Sunday, July 14, 2024

In Another Country

Ernest Hemingway (1899–1961)
From Ernest Hemingway: A Farewell to Arms & Other Writings 1927-1932

Physical Therapy at Bath Hospital, 1918. Watercolor by English artist E. Horton [Sarah Elizabeth Roberts Horton] (1865–1959). WikiCommons.

On the night of July 8, 1918, Hemingway was hit by an Austrian trench mortar, followed almost immediately by a machine gun bullet. He was transported to the American Red Cross Hospital in Milan, where he spent the next ten weeks recovering from mortar fragment wounds (“227 little devils”) in his legs and feet.
When Ernest Hemingway’s story collection Men Without Women appeared in 1927, Dorothy Parker—who considered him “the greatest living writer of short stories”—reviewed it for The New Yorker, with (she confessed) some concern. She had greatly admired Hemingway’s debut collection, In Our Time, and believed it had been too readily dismissed by some American critics:
Well, you see, Ernest Hemingway was a young American living on the left bank of the Seine in Paris, France; he had been seen at the Dome and the Rotonde and the Select and the Closerie des Lilas. He knew Pound, Joyce and Gertrude Stein. There is something a little well, a, little you-know—in all of those things. You wouldn’t catch Bruce Barton or Mary Roberts Rinehart doing them. No, sir.

And besides, In Our Time was a book of short stories. That’s no way to start off. People don’t like that; they feel cheated.
After The Sun Also Rises was published, however, Hemingway became the new thing. “He was praised, adored, analyzed, best-sold, argued about, and banned in Boston; all the trimmings were accorded him,” Parker wrote. “People got into feuds about whether or not his story was worth the telling. . . . They affirmed, and passionately, that the dissolute expatriates in this novel of ‘a lost generation’ were not worth bothering about; and then they devoted most of their time to discussing them.”
After all the high screaming about The Sun Also Rises, I feared for Mr. Hemingway’s next book. You know how it is—as soon as they all start acclaiming a writer, that writer is just about to slip downward. The littler critics circle like literary buzzards above only the sick lions.

So it is a warm gratification to find the new Hemingway book, Men Without Women, a truly magnificent work. It is composed of thirteen short stories, most of which have been published before. They are sad and terrible stories; the author’s enormous appetite for life seems to have been somehow appeased. . . . I do not know where a greater collection of stories can be found.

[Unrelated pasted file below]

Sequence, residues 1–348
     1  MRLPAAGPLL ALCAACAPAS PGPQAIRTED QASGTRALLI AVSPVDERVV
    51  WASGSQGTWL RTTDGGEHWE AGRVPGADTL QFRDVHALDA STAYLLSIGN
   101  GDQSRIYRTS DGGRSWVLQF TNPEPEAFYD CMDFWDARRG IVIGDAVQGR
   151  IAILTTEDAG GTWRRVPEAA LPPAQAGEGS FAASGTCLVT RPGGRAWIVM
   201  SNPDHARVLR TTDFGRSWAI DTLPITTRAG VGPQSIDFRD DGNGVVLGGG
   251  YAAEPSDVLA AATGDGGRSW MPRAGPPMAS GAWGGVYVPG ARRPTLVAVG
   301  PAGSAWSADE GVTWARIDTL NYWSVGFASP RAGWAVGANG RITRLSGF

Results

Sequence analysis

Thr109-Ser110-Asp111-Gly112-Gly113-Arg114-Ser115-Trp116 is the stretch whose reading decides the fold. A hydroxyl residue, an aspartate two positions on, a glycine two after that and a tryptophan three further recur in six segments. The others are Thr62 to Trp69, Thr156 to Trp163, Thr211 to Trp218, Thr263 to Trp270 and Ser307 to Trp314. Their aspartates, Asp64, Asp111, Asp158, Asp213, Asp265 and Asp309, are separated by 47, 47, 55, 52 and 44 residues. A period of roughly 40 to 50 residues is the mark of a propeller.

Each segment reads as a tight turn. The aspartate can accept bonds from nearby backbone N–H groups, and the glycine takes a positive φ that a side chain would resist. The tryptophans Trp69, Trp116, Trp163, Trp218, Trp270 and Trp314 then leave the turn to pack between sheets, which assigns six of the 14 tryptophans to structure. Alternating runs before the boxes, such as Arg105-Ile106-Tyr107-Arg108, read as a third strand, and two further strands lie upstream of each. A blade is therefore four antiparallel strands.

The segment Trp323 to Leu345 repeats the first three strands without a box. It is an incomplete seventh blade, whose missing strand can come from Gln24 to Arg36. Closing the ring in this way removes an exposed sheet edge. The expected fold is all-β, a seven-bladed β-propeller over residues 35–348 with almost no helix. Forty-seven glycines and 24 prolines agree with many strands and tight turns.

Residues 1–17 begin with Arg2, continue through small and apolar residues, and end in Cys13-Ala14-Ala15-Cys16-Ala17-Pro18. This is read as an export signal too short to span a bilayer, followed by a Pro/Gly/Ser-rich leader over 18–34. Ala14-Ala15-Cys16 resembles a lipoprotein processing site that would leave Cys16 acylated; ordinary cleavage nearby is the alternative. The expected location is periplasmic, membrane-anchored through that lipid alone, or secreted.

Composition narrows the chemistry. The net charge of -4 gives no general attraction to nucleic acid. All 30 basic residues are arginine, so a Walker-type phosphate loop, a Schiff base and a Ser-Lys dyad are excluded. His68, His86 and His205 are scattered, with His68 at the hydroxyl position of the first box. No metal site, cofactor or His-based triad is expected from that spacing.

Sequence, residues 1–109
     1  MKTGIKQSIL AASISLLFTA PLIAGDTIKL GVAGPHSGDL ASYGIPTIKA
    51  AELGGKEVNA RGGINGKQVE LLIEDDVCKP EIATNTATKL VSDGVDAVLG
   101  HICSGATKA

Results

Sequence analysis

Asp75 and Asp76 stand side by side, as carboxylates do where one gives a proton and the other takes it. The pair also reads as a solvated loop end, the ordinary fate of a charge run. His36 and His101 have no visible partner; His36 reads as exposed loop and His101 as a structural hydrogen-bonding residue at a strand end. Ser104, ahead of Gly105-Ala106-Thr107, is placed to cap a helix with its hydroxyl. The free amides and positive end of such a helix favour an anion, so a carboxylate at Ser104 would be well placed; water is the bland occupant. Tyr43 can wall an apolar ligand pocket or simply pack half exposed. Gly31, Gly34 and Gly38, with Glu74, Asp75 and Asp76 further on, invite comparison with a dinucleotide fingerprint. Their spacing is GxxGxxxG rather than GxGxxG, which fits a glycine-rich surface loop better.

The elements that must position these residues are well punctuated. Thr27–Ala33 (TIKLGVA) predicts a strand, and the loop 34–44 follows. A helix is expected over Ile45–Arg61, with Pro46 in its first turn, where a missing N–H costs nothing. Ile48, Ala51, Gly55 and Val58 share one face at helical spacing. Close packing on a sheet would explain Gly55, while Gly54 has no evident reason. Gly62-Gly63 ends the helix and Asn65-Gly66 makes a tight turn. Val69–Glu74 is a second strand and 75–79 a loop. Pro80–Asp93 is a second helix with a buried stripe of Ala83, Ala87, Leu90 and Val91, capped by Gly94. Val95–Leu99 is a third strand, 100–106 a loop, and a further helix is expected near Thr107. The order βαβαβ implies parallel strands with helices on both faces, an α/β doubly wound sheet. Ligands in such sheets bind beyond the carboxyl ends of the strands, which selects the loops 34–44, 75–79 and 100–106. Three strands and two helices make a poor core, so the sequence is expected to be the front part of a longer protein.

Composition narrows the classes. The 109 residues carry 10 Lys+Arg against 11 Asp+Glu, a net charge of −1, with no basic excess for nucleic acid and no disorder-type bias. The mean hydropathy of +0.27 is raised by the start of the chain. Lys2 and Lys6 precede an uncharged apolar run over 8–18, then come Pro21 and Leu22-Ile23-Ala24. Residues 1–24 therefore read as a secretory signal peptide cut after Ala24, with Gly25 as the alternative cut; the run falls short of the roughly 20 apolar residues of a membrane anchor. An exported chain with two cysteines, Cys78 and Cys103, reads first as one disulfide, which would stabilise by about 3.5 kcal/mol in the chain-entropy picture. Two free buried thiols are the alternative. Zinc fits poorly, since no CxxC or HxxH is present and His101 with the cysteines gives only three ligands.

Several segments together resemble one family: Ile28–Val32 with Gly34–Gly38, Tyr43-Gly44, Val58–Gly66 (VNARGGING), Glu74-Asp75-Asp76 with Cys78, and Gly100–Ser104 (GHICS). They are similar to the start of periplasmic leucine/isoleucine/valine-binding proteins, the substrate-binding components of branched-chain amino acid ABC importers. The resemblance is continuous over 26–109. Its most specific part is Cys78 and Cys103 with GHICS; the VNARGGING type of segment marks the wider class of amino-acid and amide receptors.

Ford Maddox Ford has said of the author, “Hemingway writes like an angel.” I take issue. . . . Hemingway writes like a human being.
The collection (which actually has fourteen stories) includes some of Hemingway’s best, most famous, and most anthologized works: “The Killers” (which Parker regarded as “one of the four great American short stories”), “Hills Like White Elephants,” “The Undefeated,” “Fifty Grand,” and our current Story of the Week selection, “In Another Country.”

Set in and near a hospital in Italy during World War I, “In Another Country” portrays a group of soldiers struggling through experimental therapies using machinery to help them learn to use their mangled or wounded limbs. Soon after F. Scott Fitzgerald read the story in Scribner’s Magazine, he wrote to Hemingway that the opening was “one of the most beautiful prose sentences I’ve ever read,” and he reiterated his praise in another letter after Men Without Women appeared.

Not many stories receive the kind of attention accorded to the opening passages of “In Another Country”; you’ll find the first paragraph reprinted and dissected in any number of books on the writing of fiction. “This is a most peculiar way to begin a story,” writer and critic Dwight Macdonald wrote. “The first sentence is a perfect opening phrase, mannered enough to jolt the reader awake without making him go to see if the front door is locked.” Similarly, the essayist and editor Joseph Epstein noted in his book Literary Genius, “The narrative voice in this paragraph is almost entirely detached, and the effect is unnerving. The man telling this story has lived through a great deal. . . . He will only describe; he will not attempt to explain.” Referring to the story’s opening, Joan Didion remarked how “we sometimes forgot that this was a writer who had in his time made the English language new, changed the rhythms of the way both his own and the next few generations would speak and write and think. The very grammar of a Hemingway sentence dictated, or was dictated by, a certain way of looking at the world, a way of looking but not joining, a way of moving through but not attaching, a kind of romantic individualism distinctly adapted to its time and source. If we bought into those sentences, we would see the troops marching along the road, but we would not necessarily march with them.”